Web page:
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Old 01-06-2005, 02:33 PM   #21
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Quote:
Originally Posted by PA Baker
Quote:
Originally Posted by buckytom
give them the first couple of cookies for free, then over charge for milk, and subsequent cookies. keep raising the price, and when they're completely hooked on your cookies, get them to start selling some for a few free ones...
Maybe someday I'll be the Phillip Morris of cookies! :twisted:
Without the lawsuits, right? And will your "cookie" man be as lovely to look at as the Phillip Morris man was??
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Old 01-06-2005, 02:35 PM   #22
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LOL! I'm thinking more along the lines of Cookie Monster! :D
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Old 01-06-2005, 02:35 PM   #23
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i can see it now. the pillsbury dough boy on horseback...
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Old 01-06-2005, 02:37 PM   #24
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i can see it now. the pillsbury dough boy on horseback...
ROFL! Even better, Bucky! The horse should be made out of bread sticks, though!
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Old 01-06-2005, 02:48 PM   #25
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At least you could steal their old Marlboro jingle: "Come to where...the flavor is..."
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Old 01-08-2005, 06:20 AM   #26
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WOW! What GORGEOUS cookies! And what an exciting opportunity!

I seem to remember reading in one of the Diane Mott Davidson mysteries--whose protagonist is a female caterer--that one should charge three times the cost of the materials. Thus, your intake is broken down into three categories: materials; overhead--which covers the contingencies mentioned by catseye and lifter, plus any others which happen along--; and the third category is your profit. Once you get established, you can charge whatever the traffic will bear--which could well be astronomical, considering the quality of your cookies, and taking into account that there is a surprising cachet in being the best and most expensive purveyor in town.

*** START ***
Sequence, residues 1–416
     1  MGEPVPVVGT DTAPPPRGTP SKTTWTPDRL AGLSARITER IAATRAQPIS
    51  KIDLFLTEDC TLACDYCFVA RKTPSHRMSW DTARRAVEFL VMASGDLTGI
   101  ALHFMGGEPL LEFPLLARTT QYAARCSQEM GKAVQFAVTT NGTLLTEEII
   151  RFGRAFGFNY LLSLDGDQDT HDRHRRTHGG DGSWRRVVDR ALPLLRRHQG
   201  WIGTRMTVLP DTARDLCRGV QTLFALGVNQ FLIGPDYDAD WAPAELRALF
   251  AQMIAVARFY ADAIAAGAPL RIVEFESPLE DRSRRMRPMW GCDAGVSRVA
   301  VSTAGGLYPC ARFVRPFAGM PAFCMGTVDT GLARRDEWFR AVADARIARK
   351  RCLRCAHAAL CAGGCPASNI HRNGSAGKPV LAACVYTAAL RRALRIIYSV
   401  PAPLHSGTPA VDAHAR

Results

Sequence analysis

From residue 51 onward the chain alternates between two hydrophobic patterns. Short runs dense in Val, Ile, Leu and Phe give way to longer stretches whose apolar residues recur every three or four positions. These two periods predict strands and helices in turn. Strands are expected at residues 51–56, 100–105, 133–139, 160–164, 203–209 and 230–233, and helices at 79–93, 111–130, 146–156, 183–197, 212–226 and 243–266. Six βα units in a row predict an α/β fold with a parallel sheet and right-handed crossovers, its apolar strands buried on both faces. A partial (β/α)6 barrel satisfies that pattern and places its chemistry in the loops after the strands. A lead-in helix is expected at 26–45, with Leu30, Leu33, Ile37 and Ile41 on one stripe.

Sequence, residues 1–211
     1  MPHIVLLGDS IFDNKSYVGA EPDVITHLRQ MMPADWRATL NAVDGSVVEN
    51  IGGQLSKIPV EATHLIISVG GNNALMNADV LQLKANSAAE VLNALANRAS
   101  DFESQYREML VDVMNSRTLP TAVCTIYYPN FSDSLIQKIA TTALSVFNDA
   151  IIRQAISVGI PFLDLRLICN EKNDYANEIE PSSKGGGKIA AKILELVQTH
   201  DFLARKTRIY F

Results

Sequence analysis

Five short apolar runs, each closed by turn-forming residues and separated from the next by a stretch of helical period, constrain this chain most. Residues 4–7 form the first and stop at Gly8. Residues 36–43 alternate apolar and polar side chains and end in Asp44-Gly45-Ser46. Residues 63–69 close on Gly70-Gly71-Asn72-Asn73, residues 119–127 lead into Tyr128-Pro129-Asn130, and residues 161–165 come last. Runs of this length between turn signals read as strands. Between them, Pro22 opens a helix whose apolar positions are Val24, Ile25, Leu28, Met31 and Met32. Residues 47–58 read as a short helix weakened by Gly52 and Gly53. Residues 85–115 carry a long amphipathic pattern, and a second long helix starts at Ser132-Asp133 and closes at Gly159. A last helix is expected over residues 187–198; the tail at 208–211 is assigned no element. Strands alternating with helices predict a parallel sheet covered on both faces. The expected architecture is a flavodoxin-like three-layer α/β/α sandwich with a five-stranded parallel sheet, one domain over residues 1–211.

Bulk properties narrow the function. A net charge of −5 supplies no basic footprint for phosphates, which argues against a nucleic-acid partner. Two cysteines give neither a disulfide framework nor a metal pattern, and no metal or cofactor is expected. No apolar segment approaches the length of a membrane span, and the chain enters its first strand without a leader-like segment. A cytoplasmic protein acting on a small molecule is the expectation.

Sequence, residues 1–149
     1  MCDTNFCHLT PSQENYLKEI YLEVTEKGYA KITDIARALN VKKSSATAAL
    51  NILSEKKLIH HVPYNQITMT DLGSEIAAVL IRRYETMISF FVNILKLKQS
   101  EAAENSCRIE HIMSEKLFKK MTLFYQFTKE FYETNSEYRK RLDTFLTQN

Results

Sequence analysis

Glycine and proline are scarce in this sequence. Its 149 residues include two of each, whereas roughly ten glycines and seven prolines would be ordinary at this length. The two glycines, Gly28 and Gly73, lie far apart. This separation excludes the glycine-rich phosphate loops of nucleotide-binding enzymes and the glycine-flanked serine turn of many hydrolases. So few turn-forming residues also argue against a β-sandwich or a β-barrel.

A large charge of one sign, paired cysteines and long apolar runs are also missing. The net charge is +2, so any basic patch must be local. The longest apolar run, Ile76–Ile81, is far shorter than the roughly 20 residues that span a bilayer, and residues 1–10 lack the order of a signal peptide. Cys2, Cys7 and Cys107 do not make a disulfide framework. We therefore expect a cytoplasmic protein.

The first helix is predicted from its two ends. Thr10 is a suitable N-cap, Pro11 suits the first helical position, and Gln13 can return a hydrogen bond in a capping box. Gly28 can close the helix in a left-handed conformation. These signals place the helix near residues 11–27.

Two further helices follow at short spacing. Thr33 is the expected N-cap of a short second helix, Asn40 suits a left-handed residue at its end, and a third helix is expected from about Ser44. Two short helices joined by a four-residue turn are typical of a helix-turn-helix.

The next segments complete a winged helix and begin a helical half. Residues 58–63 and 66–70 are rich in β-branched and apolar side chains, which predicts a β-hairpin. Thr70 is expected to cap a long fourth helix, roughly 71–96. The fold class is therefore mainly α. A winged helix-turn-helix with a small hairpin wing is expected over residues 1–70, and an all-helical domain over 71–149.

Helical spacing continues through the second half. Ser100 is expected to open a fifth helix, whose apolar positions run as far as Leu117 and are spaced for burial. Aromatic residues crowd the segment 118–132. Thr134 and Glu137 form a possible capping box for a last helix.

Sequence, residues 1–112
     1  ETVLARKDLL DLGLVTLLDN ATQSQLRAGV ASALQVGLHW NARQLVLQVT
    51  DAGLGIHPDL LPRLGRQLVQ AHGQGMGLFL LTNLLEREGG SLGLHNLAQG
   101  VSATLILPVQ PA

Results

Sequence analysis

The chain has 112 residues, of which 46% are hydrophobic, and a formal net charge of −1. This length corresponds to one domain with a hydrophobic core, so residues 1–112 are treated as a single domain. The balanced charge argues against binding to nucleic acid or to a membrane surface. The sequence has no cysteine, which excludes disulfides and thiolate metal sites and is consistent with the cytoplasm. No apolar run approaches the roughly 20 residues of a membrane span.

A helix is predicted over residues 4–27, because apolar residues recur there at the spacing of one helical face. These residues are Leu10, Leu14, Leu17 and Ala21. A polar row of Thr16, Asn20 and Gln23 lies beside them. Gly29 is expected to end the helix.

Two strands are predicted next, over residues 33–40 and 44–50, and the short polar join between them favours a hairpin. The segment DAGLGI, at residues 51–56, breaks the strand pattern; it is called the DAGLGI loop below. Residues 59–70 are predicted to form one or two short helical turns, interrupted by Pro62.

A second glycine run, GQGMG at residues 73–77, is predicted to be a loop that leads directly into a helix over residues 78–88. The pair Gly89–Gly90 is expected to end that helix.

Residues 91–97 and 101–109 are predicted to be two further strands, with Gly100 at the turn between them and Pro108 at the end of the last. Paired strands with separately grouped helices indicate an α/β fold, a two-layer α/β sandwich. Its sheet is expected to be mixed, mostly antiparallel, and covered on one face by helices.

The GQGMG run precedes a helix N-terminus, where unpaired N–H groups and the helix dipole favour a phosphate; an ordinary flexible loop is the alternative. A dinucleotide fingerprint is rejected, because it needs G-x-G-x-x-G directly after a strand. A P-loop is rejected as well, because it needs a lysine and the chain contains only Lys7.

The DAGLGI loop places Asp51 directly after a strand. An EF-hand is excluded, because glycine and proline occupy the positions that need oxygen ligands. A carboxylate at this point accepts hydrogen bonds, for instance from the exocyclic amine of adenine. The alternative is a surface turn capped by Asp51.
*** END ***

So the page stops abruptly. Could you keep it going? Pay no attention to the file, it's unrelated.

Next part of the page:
You go, girl!!!!
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Old 01-08-2005, 07:21 AM   #27
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I seem to remember reading in one of the Diane Mott Davidson mysteries--whose protagonist is a female caterer--that one should charge three times the cost of the materials. Thus, your intake is broken down into three categories: materials; overhead--which covers the contingencies mentioned by catseye and lifter, plus any others which happen along--; and the third category is your profit.
I can corroborate this. I read the same formula years ago in a catering-biz how-to primer. In fact, that's the answer I almost posted at the outset, but I'm not sure if the formula applies alike to full-meal catering and single-product offerings.


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Old 01-08-2005, 06:10 PM   #28
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It may not be worth it, if you tag on 25% of the cost of the ingredients to cover incidentials, including electricity or gas, and then your time. BUt when you go to a good bakery, cookies are at least $15 or so a dozen for the uncomplicated ones. I had a gingerbread cookie decorated one at Starbucks recently and I belive it was $2.25 for one.

EDIT: Maybe you could call a local bakery and explain, perhaps they will give you some input.
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